Egyptian and Arab antiquities take pride of place in Vienna museum

This Oct. 2018 photo, released by the Egyptian Ministry of Antiquities, shows archaeologists uncovering parts of a booth with a seat that belonged to Ramses II, one of the longest ruling pharaohs in antiquity, in eastern Cairo's Matariya neighborhood, Egypt. (AP)
Updated 27 October 2018
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Egyptian and Arab antiquities take pride of place in Vienna museum

  • Most of the additions in the first half of the 20th century were the result of archaeological excavations in Egypt and Nubia financed by the Austrian Academy of Sciences
  • Three Egyptian monolithic columns more than six meters in height support the ceilings

CAIRO: One of the world’s most important collections of Egyptian antiquities is on show in the Fine Arts Museum (Kunsthistorisches Museum) in Vienna.
The museum holds more than 17,000 objects that date from a period of almost 4,000 years, from the Egyptian Predynastic and Early Dynastic periods (ca. 3500 BC) to the early Christian era.
Geographically their origins range from Egypt, Nubia, the eastern Mediterranean and Mesopotamia to the Arabian Peninsula. The Egyptian collection contains about 6,000 pieces, traced back to the Pharos, Ptolemaic and Greek-Roman Periods.
The collection has a history extending back to around 1560. The Egyptian antiquities already in the ruling Habsburg family’s possession were held in the coin collection and cabinet of antiquities.
The museum said: “The holdings of Egyptian artefacts were considerably expanded by various gifts and acquisitions, most importantly by the objects purchased in Egypt in 1821 by the physician Ernst August Burghart, and the Austrian general consul in Alexandria from 1824 to 1849, Anton Ritter von Laurin.”
Other pieces were provided by Crown Prince Rudolf, the son of Emperor Franz Joseph, who acquired numerous Egyptian artefacts during his travels to Egypt in 1881, the museum explained.
Most of the additions in the first half of the 20th century were the result of archaeological excavations in Egypt and Nubia financed by the Austrian Academy of Sciences. Among them are the famous Reserve Head, numerous tomb statues, inscribed architectural components such as false doors and architraves, coffins of stone and wood, jars, jewelry and vessels made from various materials.
“These masterpieces are the treasures of my ancestors,” said Samah Hussien, an Egyptian citizen based in Vienna, who was admiring the treasures in the museum.
“I am so proud to see Egyptian pieces in one of the most famous museums in the world but it is painful to see them here, and not in my country,” he added.
The rooms holding the Egyptian and Near Eastern Collection are magnificently decorated with an ancient Egyptian design. Three Egyptian monolithic columns more than six meters in height support the ceilings. The columns, which were excavated in Alexandria, were a gift to Emperor Franz Joseph in 1869, the fine arts museum said.
The monumental museum buildings, built as part of the Emperor Franz Joseph’s expansion of the city in 1858, was intended to appropriately represent the artistic treasures that had been collected by the Habsburgs over the centuries.
The museum was ceremoniously opened in 1891.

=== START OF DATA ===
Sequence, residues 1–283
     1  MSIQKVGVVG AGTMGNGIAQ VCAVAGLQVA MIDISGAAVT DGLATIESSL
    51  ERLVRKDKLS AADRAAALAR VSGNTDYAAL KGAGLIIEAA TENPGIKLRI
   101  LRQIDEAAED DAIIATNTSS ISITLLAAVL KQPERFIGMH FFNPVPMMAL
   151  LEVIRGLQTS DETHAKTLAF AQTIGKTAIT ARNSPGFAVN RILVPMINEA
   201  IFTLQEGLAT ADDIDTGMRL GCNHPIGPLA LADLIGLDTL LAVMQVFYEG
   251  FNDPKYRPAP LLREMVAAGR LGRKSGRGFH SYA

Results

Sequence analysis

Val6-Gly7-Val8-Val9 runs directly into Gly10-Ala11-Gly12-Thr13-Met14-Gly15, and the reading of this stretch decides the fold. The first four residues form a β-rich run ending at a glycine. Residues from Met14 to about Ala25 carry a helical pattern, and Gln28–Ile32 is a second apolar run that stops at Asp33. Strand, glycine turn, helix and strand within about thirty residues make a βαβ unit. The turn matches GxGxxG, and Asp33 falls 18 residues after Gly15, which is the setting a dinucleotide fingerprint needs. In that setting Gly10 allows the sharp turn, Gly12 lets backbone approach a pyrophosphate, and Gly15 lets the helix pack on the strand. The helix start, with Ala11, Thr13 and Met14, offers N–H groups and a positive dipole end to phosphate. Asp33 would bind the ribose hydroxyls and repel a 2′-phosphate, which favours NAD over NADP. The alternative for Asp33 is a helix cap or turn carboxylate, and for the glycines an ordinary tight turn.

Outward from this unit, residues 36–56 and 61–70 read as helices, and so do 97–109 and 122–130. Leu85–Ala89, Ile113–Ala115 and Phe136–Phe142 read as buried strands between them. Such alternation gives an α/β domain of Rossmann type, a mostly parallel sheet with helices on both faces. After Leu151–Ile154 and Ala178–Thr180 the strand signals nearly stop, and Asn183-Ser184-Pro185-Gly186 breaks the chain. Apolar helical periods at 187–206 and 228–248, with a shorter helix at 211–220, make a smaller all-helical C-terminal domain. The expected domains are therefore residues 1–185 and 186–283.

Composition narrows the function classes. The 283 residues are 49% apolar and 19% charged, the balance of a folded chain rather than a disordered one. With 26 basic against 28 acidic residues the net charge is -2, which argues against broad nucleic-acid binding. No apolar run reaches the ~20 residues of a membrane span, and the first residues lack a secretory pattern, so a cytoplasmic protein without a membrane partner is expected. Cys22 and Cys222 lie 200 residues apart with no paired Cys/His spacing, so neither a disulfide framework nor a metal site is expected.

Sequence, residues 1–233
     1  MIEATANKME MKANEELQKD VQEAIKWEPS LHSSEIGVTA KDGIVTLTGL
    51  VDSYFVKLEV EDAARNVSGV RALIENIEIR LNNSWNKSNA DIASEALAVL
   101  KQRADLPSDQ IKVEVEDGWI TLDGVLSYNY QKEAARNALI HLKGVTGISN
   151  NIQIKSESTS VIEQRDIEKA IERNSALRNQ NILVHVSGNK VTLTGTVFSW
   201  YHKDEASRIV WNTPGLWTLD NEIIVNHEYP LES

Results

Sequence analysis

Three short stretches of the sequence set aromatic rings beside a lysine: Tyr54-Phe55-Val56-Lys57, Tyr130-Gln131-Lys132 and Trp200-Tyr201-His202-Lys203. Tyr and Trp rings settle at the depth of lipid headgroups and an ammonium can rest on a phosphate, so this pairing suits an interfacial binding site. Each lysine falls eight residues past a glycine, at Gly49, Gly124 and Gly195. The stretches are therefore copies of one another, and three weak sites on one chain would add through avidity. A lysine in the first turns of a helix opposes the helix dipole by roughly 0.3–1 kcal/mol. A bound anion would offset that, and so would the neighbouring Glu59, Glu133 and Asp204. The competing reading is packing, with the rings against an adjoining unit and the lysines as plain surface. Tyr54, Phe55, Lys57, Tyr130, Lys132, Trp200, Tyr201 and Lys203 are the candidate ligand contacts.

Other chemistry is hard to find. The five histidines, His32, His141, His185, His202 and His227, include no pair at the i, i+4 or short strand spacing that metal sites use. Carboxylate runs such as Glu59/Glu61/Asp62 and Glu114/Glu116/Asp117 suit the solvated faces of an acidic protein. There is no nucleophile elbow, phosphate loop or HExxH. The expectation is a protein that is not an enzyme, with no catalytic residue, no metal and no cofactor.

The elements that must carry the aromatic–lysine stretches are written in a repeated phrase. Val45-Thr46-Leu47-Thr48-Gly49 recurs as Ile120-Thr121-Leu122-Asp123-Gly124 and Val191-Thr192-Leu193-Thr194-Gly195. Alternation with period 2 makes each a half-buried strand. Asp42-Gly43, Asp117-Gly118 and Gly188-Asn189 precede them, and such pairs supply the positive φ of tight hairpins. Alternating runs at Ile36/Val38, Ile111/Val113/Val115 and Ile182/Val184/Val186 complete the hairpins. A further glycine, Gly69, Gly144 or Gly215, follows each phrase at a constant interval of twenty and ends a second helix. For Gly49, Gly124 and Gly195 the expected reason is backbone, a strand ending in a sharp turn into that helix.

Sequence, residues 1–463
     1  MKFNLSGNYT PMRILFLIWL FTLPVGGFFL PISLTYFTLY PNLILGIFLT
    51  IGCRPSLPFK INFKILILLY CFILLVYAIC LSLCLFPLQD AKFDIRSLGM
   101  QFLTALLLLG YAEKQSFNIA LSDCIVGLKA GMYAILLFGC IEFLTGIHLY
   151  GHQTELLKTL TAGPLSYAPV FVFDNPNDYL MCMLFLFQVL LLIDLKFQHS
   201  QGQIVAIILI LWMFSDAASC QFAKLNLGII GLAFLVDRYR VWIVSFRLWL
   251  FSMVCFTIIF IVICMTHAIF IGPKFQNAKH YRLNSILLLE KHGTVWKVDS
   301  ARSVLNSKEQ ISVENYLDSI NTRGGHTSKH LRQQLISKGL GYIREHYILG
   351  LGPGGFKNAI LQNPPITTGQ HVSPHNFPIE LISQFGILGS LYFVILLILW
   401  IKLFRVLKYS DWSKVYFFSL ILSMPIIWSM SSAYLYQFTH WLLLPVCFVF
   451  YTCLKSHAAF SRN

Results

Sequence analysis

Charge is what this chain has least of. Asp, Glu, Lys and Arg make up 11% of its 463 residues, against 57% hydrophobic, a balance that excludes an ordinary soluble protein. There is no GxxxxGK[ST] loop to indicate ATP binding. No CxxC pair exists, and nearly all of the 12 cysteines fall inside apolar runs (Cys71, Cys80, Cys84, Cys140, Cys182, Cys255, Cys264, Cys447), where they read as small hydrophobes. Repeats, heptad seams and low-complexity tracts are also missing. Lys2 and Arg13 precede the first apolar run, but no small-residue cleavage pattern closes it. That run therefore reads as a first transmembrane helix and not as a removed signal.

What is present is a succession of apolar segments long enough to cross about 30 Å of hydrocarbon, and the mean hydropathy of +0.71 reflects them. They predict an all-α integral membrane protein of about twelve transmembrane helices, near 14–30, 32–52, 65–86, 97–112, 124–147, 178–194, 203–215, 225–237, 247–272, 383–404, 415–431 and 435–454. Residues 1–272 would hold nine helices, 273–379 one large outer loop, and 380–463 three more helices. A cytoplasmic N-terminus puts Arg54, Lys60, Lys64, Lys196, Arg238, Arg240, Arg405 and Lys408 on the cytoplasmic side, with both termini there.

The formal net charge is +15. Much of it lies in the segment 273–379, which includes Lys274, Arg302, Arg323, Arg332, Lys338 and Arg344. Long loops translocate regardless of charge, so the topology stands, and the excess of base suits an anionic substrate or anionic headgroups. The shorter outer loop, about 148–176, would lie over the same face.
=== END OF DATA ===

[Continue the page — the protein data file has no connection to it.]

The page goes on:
Iran, US tension is a ‘clash of wills’: Guards commander

Updated 23 May 2019
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Iran, US tension is a ‘clash of wills’: Guards commander

  • The commander said they will have a “hard, crushing and obliterating response” for their enemies
  • Tensions between Iran and US escalated after Trump restored sanctions

GENEVA: The standoff between Iran and the United States is a “clash of wills,” a senior commander of Iran’s powerful Revolutionary Guards said on Thursday, suggesting any enemy “adventurism” would meet a crushing response, Fars news agency reported.
Tensions have spiked between the two countries after Washington sent more military forces to the Middle East in a show of force against what US officials say are Iranian threats to its troops and interests in the region.
“The confrontation and face-off of the Islamic Republic of Iran and the malicious government of America is the arena for a clash of wills,” Iran’s armed forces chief of staff Major General Mohammad Baqeri said.
He pointed to a battle during the 1980-88 Iran-Iraq war where Iran was victorious and said the outcome could be a message that Iran will have a “hard, crushing and obliterating response” for any enemy “adventurism.”
On Sunday, US President Donald Trump tweeted: “If Iran wants to fight, that will be the official end of Iran. Never threaten the United States again!“
Trump restored US sanctions on Iran last year and tightened them this month, ordering all countries to halt imports of Iranian oil or face sanctions of their own.
Trump wants Iran to come to the negotiating table to reach a new deal with more curbs on its nuclear and missile programs.
Reiterating Iran’s stance, the spokesman for its Supreme National Security Council said on Thursday that “There will not be any negotiations between Iran and America.”
Keyvan Khosravi was also quoted as saying by the state broadcaster that some officials from several countries have visited Iran recently, “mostly representing the United States.”
He did not elaborate, but the foreign minister of Oman, which in the past helped pave the way for negotiations between Iran and the United States, visited Tehran on Monday.
“Without exception, the message of the power and resistance of the Iranian nation was conveyed to them,” he said.
In Berlin, a German diplomatic source told Reuters that Jens Ploetner, a political director in Germany’s Foreign Ministry, was in Tehran on Thursday for meetings with Iranian officials to try to preserve the 2015 Iran nuclear deal and cool tensions in the region.